Car leasing in Ohio is a bit different than in most other states
The way that the state of Ohio applies sales tax to car leases is based on the sum of lease payments. Most states only tax individual monthly payments (and down payment).
For example, in Ohio, if lease payments are $300 a month and the lease term is 36 months, the total of all payment is 36 times $300 = $10,800. If the Ohio tax rate in a particular county is 6.0%, the sales tax due on this lease would be $10,88 times .06 = $648. This amount is due at the time the lease is signed, in addition to first month’s payment and down payment (if any). Tax is due on the down payment as well.
All fees associated with a lease are taxed, including any lease-end fees such as a disposition fee or excess mileage fees. Furthermore, if a customer decides to purchase his leased vehicle at lease-end, the purchase is taxed. This is not a duplication of tax since, in a lease, the lease-end purchase price is the residual amount not already paid by the lease.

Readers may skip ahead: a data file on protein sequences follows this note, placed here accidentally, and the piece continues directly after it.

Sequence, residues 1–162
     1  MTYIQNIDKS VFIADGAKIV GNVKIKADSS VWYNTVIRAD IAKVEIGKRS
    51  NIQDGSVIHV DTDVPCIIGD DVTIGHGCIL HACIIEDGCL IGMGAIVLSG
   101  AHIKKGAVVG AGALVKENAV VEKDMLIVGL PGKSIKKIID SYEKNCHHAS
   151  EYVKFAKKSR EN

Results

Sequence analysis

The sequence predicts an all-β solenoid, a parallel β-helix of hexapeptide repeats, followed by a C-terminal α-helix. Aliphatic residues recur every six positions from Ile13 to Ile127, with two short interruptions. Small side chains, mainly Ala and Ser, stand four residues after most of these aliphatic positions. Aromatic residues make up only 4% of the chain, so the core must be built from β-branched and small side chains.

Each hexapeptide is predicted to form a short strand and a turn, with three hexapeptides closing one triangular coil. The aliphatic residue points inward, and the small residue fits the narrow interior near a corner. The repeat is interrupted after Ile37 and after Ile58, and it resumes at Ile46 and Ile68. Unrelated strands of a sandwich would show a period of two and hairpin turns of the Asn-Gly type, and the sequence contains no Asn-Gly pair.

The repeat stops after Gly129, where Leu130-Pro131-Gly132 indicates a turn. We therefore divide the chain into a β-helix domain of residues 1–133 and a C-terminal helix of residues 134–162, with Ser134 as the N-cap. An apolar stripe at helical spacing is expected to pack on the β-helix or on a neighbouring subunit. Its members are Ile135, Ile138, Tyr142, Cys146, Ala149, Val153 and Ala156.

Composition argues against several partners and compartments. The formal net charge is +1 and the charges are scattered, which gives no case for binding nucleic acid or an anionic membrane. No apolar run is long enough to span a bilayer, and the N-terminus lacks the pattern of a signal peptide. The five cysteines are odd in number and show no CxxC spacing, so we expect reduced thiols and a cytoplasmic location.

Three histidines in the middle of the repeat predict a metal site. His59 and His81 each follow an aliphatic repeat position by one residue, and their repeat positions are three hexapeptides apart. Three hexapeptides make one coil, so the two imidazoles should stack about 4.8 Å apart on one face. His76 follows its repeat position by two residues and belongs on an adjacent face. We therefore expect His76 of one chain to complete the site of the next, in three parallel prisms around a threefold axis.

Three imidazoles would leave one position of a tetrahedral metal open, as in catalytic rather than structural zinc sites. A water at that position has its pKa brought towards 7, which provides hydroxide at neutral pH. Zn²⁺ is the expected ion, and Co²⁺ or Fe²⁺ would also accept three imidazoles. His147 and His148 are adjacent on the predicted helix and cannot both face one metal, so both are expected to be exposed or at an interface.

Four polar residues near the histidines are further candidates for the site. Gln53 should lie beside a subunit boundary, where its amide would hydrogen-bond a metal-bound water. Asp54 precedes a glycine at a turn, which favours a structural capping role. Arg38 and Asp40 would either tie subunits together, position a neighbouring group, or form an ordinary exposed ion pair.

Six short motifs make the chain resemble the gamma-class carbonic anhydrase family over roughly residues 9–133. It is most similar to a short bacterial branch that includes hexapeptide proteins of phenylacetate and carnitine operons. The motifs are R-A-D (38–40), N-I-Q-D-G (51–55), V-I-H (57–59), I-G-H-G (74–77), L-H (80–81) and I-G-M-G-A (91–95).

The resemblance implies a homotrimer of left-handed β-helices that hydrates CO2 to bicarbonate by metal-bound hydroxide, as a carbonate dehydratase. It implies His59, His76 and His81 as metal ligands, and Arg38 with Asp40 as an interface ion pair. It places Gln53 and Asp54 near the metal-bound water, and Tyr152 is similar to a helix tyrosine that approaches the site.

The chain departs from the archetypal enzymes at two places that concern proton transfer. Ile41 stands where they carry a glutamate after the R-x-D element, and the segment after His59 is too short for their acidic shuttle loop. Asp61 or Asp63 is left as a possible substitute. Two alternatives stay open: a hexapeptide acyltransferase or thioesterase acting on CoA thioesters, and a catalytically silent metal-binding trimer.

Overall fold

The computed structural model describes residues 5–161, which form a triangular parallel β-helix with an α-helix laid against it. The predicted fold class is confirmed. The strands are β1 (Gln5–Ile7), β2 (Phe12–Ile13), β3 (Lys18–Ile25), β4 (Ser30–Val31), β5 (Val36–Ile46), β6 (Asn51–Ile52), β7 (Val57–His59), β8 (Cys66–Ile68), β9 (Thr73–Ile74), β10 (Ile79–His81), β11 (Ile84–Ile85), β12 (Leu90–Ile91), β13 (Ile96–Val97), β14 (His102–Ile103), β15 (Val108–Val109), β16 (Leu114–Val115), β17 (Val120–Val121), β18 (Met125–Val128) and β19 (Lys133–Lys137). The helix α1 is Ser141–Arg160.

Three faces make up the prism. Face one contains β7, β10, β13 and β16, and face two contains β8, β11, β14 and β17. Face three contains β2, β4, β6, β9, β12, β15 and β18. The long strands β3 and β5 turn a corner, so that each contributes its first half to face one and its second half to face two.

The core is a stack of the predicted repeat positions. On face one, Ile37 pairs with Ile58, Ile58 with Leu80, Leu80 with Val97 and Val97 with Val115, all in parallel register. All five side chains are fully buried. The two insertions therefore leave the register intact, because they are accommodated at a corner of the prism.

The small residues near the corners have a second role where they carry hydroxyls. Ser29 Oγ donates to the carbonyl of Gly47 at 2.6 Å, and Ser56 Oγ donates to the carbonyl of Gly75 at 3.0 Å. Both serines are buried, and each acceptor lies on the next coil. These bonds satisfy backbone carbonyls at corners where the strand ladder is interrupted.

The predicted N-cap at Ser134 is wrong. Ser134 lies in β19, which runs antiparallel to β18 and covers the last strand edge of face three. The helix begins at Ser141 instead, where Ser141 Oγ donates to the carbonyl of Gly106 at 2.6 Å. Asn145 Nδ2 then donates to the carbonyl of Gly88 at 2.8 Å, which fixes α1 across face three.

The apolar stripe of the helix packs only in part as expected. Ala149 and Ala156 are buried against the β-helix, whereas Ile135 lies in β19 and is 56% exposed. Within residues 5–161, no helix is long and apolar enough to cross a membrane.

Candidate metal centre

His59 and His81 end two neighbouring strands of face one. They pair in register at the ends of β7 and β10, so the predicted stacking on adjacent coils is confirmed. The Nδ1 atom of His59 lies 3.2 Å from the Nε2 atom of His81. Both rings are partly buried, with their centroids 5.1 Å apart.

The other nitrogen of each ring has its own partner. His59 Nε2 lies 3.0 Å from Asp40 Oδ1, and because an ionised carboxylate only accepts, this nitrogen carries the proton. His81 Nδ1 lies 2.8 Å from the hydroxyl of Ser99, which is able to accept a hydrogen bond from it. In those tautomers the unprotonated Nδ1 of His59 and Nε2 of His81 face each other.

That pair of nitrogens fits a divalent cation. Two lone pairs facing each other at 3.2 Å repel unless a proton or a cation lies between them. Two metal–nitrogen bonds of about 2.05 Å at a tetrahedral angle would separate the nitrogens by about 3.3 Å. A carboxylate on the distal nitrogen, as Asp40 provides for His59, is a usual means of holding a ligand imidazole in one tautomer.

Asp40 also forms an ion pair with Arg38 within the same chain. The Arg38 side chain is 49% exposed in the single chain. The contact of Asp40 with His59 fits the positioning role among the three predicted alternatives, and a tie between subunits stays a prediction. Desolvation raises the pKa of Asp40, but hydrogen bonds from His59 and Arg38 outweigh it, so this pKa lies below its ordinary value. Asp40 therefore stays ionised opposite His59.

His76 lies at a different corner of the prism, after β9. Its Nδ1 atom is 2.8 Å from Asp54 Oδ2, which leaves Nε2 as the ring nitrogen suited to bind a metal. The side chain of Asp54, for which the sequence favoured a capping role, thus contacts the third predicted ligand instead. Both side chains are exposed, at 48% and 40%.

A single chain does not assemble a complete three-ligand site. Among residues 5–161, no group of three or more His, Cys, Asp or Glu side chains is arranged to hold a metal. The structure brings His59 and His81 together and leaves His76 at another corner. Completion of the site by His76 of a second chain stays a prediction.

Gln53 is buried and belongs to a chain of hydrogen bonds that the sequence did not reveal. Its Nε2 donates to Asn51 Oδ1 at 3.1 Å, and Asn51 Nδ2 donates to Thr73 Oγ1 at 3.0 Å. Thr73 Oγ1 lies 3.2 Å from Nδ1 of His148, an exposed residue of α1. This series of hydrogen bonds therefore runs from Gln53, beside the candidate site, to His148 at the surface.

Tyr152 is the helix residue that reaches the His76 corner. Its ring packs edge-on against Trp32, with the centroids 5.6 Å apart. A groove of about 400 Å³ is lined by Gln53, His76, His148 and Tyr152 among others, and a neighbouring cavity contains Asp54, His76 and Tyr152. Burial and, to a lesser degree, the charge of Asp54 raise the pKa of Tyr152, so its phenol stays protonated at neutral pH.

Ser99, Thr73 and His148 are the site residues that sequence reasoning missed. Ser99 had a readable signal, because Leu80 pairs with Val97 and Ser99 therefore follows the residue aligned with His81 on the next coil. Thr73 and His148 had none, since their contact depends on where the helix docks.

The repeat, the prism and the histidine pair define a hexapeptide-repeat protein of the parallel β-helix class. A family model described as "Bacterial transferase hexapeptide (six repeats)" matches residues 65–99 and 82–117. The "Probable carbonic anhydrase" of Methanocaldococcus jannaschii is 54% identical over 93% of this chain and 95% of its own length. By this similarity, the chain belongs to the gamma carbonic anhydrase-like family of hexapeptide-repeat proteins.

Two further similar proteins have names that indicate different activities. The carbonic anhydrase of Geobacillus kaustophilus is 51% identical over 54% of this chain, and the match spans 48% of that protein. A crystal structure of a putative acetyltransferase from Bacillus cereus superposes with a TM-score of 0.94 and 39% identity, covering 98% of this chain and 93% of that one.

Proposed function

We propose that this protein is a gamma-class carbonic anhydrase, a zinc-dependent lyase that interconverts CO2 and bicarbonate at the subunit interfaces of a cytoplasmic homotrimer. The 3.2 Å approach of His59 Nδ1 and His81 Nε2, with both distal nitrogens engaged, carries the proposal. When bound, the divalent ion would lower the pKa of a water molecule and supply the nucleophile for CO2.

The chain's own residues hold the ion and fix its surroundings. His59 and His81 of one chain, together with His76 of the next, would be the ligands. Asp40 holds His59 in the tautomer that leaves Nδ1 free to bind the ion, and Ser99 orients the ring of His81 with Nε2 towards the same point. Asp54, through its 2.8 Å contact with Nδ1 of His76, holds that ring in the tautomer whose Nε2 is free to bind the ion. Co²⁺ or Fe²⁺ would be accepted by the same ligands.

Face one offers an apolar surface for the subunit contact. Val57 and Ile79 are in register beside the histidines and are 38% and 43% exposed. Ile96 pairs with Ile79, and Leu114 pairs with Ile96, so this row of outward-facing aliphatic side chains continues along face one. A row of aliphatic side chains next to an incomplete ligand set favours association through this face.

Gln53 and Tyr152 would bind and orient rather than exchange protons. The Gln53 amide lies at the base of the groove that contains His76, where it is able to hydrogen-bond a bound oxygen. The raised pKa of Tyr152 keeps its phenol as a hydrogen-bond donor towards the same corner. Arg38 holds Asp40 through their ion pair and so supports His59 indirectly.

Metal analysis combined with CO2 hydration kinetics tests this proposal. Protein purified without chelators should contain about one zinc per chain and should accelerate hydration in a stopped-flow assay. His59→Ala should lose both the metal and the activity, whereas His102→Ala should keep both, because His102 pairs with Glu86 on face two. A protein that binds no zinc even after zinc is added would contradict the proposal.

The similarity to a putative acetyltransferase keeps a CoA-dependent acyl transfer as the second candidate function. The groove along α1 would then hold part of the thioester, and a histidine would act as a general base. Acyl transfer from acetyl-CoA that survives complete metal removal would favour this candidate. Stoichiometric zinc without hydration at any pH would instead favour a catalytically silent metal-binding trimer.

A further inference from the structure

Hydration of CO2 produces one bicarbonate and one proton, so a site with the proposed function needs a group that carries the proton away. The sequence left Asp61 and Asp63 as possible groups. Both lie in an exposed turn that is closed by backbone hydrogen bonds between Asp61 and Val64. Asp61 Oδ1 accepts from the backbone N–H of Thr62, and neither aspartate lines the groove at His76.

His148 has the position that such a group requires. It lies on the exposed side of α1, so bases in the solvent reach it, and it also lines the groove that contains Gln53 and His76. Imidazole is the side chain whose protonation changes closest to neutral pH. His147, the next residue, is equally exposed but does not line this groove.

If a customer trades a vehicle at the time of a lease, tax credit is given for the value of the trade, which reduces the tax amount owed on the new-car lease.
If a lease is ended early, there is no refund of sales tax paid at the beginning of a lease. Presumably, if a lessee decides to do an early buyout of his lease (payoff the lease and purchase the vehicle), he would have to pay sales tax on the purchase price. It’s a bit unfair since part of that tax has already been paid.
Sales tax laws on car leases such as those in Ohio, Texas, Illinois, and Georgia do not make the states particularly lease-friendly. Unfortunately, if you live in those states and will “garage” your leased vehicle there, there is no way to escape the tax — even if you lease from a dealer in another state.
Clearly, the only way to reduce the Ohio car lease tax is to make sure you make the best lease deal, with the lowest monthly payments.